Cyathea medullaris (Cyatheaceae) is a frequent pioneer of disturbed areas (e.g. landslides) or edge environments, sometimes forming near continuous canopies. We test the hypothesis that colonisation by this species as a pioneer alters the seedling assemblage to favour more shade-tolerant broadleaved trees than that beneath another common native pioneer (Kunzea robusta, Myrtaceae) in the same landscapes. We compared vegetation and abiotic characteristics of 166 sites across the Auckland region where C. medullaris or K.
Mid to late 20th century expansion of Dracophyllum scrub into tussock grassland on subantarctic Campbell Island has been attributed to the collective effects of global warming, cessation of farming in 1931, and continued grazing by feral sheep. To determine the importance of these, we dated the timing of scrub expansion by aging 241 Dracophyllum plants in 17 plots chosen to sample the range of environments this shrub/ small tree occupies on Campbell Island.
New Zealand bracken (Pteridium esculentum) belongs to a group of closely related fern species of near global extent. Pteridium species worldwide are aggressive, highly productive, seral plants, functionally more akin to shrubs than ferns. Their deeply buried starch-rich rhizomes allow them to survive repeated fire and their efficient nutrient uptake permits exploitation of a wide range of soils. They are limited by cool annual temperatures, frost, wind, and shallow, poorly drained and acidic soils.
Fire occurs relatively frequently in beech (Nothofagus) forest in drought prone eastern areas of the South Island, New Zealand. Because beech is poorly adapted to fire, and is slow to regenerate, forest is normally replaced by scrub or grassland. Seeding was investigated as a means of restoring mountain beech (N. solandri var. cliffortioides) forest after fire destroyed 300 ha of forest at Mt. Thomas, Canterbury, in 1980.
Immediately before human settlement, dense tall podocarp- angiosperm forest dominated the moist Southland and southern coastal Otago districts. Open, discontinuous podocarp-angiosperm forest bordered the central Otago dry interior, extending along the north Otago coast. Grassland was mostly patchy within these woody ecosystems, occurring on limited areas of droughty or low-nutrient soils and wetlands, or temporarily after infrequent fire or other disturbance.
The intermediate disturbance hypothesis has been the focus of considerable analysis in terrestrial and aquatic systems. This model predicts that species diversity will be highest at intermediate frequencies of disturbance. Despite numerous theoretical and empirical analyses, the utility of the model is still the subject of intense debate.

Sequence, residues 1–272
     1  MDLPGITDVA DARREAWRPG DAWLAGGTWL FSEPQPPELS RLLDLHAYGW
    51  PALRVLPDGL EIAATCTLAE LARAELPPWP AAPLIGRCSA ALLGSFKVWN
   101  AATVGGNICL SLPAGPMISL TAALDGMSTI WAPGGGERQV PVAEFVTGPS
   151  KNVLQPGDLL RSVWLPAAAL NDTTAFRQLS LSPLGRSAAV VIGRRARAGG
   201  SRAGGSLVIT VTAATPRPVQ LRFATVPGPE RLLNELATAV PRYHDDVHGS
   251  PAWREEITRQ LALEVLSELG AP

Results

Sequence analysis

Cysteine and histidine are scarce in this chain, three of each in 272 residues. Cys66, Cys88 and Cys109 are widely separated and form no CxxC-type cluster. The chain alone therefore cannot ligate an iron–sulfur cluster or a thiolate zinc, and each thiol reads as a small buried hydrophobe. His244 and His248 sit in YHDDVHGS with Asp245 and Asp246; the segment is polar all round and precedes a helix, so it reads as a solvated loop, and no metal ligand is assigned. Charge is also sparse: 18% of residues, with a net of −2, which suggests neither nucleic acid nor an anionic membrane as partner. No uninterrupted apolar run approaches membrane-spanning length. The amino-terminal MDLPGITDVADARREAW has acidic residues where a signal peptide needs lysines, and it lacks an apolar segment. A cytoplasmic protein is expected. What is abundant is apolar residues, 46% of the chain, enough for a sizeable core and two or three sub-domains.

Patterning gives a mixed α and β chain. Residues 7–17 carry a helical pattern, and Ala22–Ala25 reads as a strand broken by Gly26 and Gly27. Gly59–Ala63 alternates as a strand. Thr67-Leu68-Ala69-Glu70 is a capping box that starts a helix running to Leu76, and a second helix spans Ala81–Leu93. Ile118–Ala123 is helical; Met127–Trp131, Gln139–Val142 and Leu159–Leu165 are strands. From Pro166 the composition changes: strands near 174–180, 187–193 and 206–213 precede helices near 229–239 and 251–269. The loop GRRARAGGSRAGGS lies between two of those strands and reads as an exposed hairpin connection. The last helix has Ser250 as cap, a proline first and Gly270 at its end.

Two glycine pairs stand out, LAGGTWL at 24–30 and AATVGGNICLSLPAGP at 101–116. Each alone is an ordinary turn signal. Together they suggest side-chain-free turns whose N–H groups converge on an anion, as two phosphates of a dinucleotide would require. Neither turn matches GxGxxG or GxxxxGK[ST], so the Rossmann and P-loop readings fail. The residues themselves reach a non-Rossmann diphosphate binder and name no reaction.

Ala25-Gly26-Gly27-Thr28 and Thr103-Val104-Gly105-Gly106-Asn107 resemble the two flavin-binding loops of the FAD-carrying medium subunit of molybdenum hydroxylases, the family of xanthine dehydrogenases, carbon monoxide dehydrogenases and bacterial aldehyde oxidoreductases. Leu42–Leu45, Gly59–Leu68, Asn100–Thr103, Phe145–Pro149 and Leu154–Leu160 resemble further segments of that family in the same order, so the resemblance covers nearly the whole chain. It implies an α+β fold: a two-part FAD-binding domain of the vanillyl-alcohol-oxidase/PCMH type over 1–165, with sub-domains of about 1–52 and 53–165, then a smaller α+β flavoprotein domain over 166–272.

Soil conditions, vegetation features and soil fauna were recorded in montane tall tussock grassland dominated by narrow- leaved snow tussock Chionochloa rigida ssp. rigida up to 30 months after a spring fire. Burning reduced the stature of tussocks and the size and density of tillers in the first growing season. After two growing seasons, tussock canopy development and tiller size remained below those found in the unburnt grassland nearby. New tillers and tussocks established following the prolific fire-induced flowering one year after burning.
Fire has been an important management tool in the pastoral use of New Zealand tussock grasslands. The effects of a farm-scale pastoral fire and subsequent grazing by sheep on soil biochemical properties in tussock grasslands dominated by the narrow-leaved snow tussock (Chionochloa rigida ssp. rigida) were investigated, 1.5 and 2.5 years after the fire event, in 0-2 cm depth mineral soil at a site at 975 m altitude in Central Otago, New Zealand. The nitrogen (N) and phosphorus (P) concentrations of C. rigida leaves were also measured.
Pollen analysis of a high altitude bog (Winterton Bog) and an alluvial soil sequence in the upper Awatere catchment on the western flanks of the Inland Kaikoura Range, and radiocarbon dates on wood and charcoal from the Marlborough region, have established a Holocene, (post 10 000 years B.P.) vegetation history for this area.
Polynesian settlement of New Zealand (c. 1000 yr B.P.) led directly to the extinction or reduction of much of the vertebrate fauna, destruction of half of the lowland and montane forests, and widespread soil erosion. The climate and natural vegetation changed over the same time but had negligible effects on the fauna compared with the impact of settlement. The most severe modification occurred between 750 and 500 years ago, when a rapidly increasing human population, over-exploited animal populations and used fire to clear the land.